Unfortunately, the iPad Pro’s front-facing camera is still on the top edge of the screen, which means you’ll be awkwardly positioned in a video call if you’re using the tablet in landscape mode, given that the Pro works perfectly with Apple’s Magic Keyboard.

While Center Stage—the feature that lets you center the frame—can help solve the problem of awkward side placement in landscape mode, we look forward to the day when all iPads will have a landscape camera just like the base iPad.

As for battery life, the iPad Pro is the typical battery life of an iPad – it can play videos at full brightness for about 5.5 hours.

The biggest upgrade is the M2 chip, but the ones who benefit the most are professionals


The 2022 iPad Pro runs on Apple’s M2 chip, the same processor as the 2022 MacBook Air and 13-inch MacBook Pro. Aside from a few small details, the iPad Pro brings computer-grade power in a thinner, lighter package.

The big question for professionals isn’t whether the 2022 iPad Pro is powerful enough – it’s the most powerful tablet you can buy. Instead, it’s whether the iPadOS version of the app they use is as comprehensive as the desktop version.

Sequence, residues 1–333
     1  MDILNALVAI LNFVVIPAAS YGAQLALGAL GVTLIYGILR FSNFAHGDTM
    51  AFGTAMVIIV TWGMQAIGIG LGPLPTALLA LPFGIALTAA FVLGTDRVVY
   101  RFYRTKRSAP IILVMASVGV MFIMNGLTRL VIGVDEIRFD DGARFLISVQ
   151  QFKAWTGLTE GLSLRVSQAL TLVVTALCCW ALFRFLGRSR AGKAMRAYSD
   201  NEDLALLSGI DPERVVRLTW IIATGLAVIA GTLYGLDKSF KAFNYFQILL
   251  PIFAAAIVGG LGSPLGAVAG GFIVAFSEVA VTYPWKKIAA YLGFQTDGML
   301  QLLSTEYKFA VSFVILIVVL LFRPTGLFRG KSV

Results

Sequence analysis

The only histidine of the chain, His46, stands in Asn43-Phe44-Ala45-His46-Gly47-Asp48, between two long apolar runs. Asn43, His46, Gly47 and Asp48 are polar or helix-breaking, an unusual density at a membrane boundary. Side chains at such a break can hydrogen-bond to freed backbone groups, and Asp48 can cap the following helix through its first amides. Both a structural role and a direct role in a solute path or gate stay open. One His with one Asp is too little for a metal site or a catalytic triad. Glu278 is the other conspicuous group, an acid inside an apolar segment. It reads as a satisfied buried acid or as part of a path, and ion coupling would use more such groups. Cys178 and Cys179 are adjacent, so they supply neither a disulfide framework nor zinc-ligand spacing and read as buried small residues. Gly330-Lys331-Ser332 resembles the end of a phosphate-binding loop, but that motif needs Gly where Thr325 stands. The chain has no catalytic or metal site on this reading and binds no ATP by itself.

Even though Apple claims that the upgrade from M1 to M2 has increased speed by 15% and graphics performance by 35%, in casual everyday use, the difference is minimal. For those streaming video and running basic apps like social media, gaming, web browsing, etc., the iPad Pro’s power is excessive.

Professionals can justify an upgrade, but for most people, it’s hard to do. If you want to extend the life of the product you buy, it might be worth it – the iPad Pro could last a few years longer than the tenth-generation iPad, or even a year or so longer than the M1 iPad Air.

The second-generation Apple Pencil, now more useful


The iPad Pro’s M2 processor doesn’t just provide power. It gives the second-generation Apple Pencil a new levitation feature, making it the ultimate tool for note-takers, artists, or those who need a tool that’s more precise than your fingers.

The hover feature lets the iPad Pro detect the pencil’s tip from 12mm above the screen, which allows you to preview exactly where the tip is. In the preview, you can see the size of the marker you want to make and even preview the mix of different colors.

It enhances the accuracy and precision that Apple Pencil has become known for. If you’ve ever felt like the Apple Pencil doesn’t always land exactly where you want it to be on the iPad screen, or if you’ve chosen the right brush size or the right color, Hover will help you with that.